LONDON – The Latest on severe weather in Europe (all times local):
Authorities in Serbia say that a man has been found dead in the snow in the southeast as cold spell persisted in the Balkan country.
The 58-year-old man's body was discovered when neighbors notified authorities after noticing he had been missing for two days. The man was from the village of Strbovac, a remote hamlet that was cut off by the snow.
Several people have died in freezing temperatures since extreme winter weather gripped the country in early January.
Authorities also have been battling thick ice that has formed on the Danube in Serbia, blocking all river traffic and endangering rafts and boats parked by the river banks.
Hungary has sent over its ice-breakers to help clear the ice that is up to 4 meters (13 feet) thick.
Thick fog has caused numerous flight delays and cancellations at London Heathrow and other area airports.
Travelers were advised Monday to check their flight status before going to the airport after roughly 100 flights were cancelled and many more were delayed.
The Met Office forecasting service said visibility at Heathrow had been reduced to roughly 100 meters (110 yards), leading to an overall slowdown in operations.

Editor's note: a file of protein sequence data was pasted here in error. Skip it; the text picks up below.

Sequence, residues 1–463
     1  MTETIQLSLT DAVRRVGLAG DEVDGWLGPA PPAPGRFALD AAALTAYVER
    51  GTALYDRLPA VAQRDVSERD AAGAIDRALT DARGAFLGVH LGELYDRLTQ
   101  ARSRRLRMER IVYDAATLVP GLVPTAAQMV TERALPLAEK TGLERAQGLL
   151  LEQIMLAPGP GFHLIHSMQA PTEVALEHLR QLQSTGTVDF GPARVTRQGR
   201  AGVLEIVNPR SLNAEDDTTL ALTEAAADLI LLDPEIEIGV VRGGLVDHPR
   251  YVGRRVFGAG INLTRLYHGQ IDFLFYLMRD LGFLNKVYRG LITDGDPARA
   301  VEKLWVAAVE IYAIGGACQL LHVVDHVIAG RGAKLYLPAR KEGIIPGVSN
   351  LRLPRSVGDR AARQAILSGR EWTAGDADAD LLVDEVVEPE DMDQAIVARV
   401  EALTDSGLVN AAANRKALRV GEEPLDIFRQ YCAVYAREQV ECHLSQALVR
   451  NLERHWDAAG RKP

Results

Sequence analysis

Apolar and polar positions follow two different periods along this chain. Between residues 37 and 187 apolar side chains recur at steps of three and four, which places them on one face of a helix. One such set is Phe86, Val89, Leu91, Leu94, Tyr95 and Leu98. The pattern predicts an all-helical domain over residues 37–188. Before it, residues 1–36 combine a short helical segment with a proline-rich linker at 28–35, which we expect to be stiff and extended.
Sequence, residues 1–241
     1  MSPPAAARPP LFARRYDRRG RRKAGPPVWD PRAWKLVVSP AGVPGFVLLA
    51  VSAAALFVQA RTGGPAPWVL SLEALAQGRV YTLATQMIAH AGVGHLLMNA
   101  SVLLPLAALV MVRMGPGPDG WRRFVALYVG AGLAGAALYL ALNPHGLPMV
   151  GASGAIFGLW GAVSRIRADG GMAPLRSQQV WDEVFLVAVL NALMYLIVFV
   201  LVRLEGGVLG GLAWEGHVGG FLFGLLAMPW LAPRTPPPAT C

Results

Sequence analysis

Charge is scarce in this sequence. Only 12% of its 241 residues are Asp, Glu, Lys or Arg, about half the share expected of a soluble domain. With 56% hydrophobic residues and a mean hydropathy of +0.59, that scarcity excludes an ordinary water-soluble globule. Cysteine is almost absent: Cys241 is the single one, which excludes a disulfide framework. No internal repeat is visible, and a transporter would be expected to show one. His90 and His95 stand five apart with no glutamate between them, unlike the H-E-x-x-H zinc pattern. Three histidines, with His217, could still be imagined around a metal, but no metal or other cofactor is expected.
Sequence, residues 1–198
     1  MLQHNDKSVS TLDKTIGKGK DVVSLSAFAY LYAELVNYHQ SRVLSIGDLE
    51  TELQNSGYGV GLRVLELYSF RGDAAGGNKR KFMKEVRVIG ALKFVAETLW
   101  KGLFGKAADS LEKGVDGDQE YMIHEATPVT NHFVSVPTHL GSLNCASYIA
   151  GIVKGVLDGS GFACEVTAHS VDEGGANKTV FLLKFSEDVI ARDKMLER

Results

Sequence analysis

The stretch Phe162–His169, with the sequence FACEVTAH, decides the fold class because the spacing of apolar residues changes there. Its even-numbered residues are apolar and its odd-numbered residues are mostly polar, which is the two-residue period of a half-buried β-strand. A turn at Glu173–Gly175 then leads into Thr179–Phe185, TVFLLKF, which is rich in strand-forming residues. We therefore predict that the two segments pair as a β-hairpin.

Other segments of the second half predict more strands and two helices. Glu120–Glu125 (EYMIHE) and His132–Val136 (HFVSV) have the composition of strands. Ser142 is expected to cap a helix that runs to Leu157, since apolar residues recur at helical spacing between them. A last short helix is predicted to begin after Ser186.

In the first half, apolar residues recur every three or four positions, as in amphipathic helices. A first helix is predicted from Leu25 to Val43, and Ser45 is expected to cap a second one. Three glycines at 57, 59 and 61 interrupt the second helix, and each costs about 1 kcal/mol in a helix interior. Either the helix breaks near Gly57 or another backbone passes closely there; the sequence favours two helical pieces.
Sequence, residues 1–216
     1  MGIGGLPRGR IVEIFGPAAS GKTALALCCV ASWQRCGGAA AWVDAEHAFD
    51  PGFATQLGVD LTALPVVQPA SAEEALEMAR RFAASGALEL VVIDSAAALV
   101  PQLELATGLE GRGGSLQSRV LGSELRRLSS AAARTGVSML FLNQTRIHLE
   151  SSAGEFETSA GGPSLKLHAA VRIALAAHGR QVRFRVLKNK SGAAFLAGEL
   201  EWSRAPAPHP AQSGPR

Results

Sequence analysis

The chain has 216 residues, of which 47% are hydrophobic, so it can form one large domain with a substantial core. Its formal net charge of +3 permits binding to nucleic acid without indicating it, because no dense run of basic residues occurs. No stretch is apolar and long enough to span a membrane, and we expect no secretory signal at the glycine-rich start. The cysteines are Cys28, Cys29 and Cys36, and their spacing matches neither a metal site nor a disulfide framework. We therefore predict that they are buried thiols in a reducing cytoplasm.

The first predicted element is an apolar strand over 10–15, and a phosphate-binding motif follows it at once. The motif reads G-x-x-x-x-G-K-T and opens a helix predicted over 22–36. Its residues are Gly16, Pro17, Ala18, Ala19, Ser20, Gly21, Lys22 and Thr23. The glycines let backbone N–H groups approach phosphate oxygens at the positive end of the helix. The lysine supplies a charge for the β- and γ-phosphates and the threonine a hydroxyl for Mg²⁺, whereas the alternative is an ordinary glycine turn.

It issued a severe weather warning for London and most of southern England as driving conditions were also hazardous and slippery.
Conditions at Gatwick, London City and Stansted airports were also difficult with limited visibility.
Rescue crews are considering whether to start using heavy equipment to speed up the search for 23 people still buried under the ruins of a central Italy hotel crushed by an avalanche.
Firefighter spokesman Luca Cari said emergency crews were working with an "operational hypothesis" that the tons of snow that plowed into the Hotel Rigopiano on Jan. 18 might not have reached all parts of the structure, and that there might still be survivors underneath.
But five days after the devastating snow slide, Cari said Monday that "we are fighting against time."
He said: "We know we need to work fast, but in relation to an environment that doesn't allow for fast intervention."
Meanwhile, questions are intensifying into whether the local government underestimated the threat facing the isolated hotel.
Four people have died over the weekend in Austria while skiing, snow-shoeing or sledding — an unusually high toll linked to winter sports in the country.
The Austria Press Agency says that two Czech nationals snow-shoeing in Salzburg's alpine region died Sunday after being buried in an avalanche while two others managed to free themselves.
State broadcaster ORF says the two other deaths occurred Saturday. It said Monday that a German man was killed after he hit a rock head first while sledding near the Swiss border, and an Austrian skier died after colliding with a snow-boarder on a slope near the Italian border.
The snowboarder was only slightly hurt.